You are browsing the archive for landscapes and pilgrimage.


08/07/2015 in archeology and architecture, art and imagery, genealogy and family history, households and the domestic environment, Italian Peninsula, landscapes and pilgrimage, Mediterranean, Other, Parish Research Today, Parish sources, preservation and memory, Projects, ritual, devotion and religious change, The Alpine Territories, towns and urban environment

When I visit the numerous churches and chapels in Ticino, the Italian-speaking part of Switzerland located south of the Alps, I am always struck by their extraordinary artistic and historical richness. One explanation is the flourishing of devotions and religious art which characterised most Catholic countries after the Council of Trent. This is certainly true especially in the Italian area, to whose cultural sphere the Ticino belonged (even though it fell under Swiss political control in the sixteenth century), but there are other reasons. In fact, a crucial further factor needs to be considered: migration. On the one hand, over the centuries, thousands of people associated with the building trades left their homes in the Lake Lugano region to practice their skills as architects, masons, master builders, stucco workers, stonecutters, sculptors and painters abroad. This phenomenon was generally seasonal and whilst staying in their villages, the artisans helped to build or embellish churches and chapels. On the other hand, many migrants associated with other professions donated substantial parts of their earnings to devotional and charitable purposes.

The migrants’ faith and generosity are still visible in many churches and chapels of these territories, particularly in the Pedemonte region, the Centovalli and in the villages surrounding the town of Locarno. Inhabitants of these places had migrated to different Italian cities – especially Livorno, Florence and Rome – for centuries. Exclusively men, they worked as porters (facchini), coachmen (vetturini), chimney sweeps and food-sellers (rosticcieri), to mention just a few professions. In Livorno and Florence they were even able to obtain the monopoly of the porterage trade.

The following pictures shall help to illustrate the impact of migration as it is still tangible today. (Click the thumbnails to enlarge the images.)

§ Figures 1, 2 and 3 – Chapel of S. Rocco (St Roch, 17th century) in the parish church of S. Maria Assunta (Assumption) in Tegna (Terre di Pedemonte, bailiwick and pieve of Locarno)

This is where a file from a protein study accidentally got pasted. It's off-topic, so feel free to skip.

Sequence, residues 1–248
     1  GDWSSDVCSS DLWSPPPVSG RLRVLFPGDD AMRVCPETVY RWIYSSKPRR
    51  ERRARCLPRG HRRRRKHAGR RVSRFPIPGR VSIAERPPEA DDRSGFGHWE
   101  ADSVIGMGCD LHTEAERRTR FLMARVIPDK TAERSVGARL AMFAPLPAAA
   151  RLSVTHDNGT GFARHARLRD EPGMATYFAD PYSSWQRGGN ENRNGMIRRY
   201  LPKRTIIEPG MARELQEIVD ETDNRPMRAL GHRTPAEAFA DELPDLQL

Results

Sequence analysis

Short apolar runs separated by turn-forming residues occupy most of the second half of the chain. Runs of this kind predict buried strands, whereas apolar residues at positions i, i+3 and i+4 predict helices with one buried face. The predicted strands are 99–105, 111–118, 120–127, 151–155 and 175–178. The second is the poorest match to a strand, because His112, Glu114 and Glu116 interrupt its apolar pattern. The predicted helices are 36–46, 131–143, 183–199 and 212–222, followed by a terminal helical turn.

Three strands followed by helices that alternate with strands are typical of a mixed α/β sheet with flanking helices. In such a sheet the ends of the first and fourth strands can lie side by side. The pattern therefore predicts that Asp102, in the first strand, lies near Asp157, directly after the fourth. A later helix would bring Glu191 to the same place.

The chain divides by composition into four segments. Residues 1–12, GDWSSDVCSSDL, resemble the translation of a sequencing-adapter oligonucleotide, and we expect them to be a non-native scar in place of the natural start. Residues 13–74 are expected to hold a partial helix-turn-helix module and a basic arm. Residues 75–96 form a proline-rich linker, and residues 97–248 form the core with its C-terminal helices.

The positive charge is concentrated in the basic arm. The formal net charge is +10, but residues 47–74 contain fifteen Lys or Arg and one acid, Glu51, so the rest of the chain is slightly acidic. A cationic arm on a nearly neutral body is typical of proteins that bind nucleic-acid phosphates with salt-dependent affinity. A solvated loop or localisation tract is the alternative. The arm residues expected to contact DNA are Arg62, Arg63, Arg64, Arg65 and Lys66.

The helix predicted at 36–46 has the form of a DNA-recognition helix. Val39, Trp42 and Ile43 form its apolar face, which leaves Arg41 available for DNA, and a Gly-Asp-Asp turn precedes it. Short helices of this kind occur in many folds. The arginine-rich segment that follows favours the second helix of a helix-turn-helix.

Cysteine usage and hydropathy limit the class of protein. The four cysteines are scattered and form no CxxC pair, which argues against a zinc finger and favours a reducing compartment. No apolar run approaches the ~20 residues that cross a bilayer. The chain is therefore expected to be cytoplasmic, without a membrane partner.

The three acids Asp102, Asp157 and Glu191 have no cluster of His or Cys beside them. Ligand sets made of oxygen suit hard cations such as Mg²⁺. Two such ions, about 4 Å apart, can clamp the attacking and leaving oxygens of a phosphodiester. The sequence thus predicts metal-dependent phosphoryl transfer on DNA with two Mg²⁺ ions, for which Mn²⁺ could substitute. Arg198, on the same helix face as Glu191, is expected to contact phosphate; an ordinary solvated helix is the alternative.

On the balustrade of many chapels, and in one case even on a confessional box, we can often find the inscription “B.D.L”, an acronym which means “Benefattori di Livorno” (“Benefactors of Livorno”). The migrants active in Livorno gathered in groups and used to collect money for their parishes and brotherhoods.

§ Figures 4, 5, 6 and 7 – Chapel in Verscio (1740) (Terre di Pedemonte, bailiwick and pieve of Locarno); and Our Lady of Montenero in Livorno (14th century)

References to migration and urban experiences also appear in specific devotions. In many churches of this region, even in small chapels deep in the forests, dozen of paintings depicting the Virgin of Montenero can still be found. Here we can see the original painting at Livorno and a very ‘rustic” copy in Verscio. The shrine of Our Lady of Grace of Montenero is located on a hill overlooking Livorno. The Madonna di Montenero, nowadays patron saint of Tuscany, was already widely venerated in seventeenth and eighteen-century century Livorno. In the chapel in Verscio, under the picture of the Virgin Mary and two further saints, we can see details of the port of Livorno (lighthouse and ships).

§ Figures 8, 9 and 10 – Parish church of S. Michele (St Michael) in Palagnedra (bailiwick and pieve of Locarno), Virgin of the Annunciation in Palagnedra (Lorenzo Cresci, altar piece, 1602) and Virgin of the Annunciation in Florence (fresco, 14th century)

A similarly imported devotion concerns the Virgin of the Annunciation of Florence. A copy of the famous and miraculous painting kept in the basilica of the Annunciation in Florence (fig. 8) can still been admired in the parish church of Palagnedra (fig. 9 and 10), a village in the Centovalli, also in the bailiwick of Locarno. This work of art was commissioned by migrants resident in Florence, as recorded in the inscription under the painting.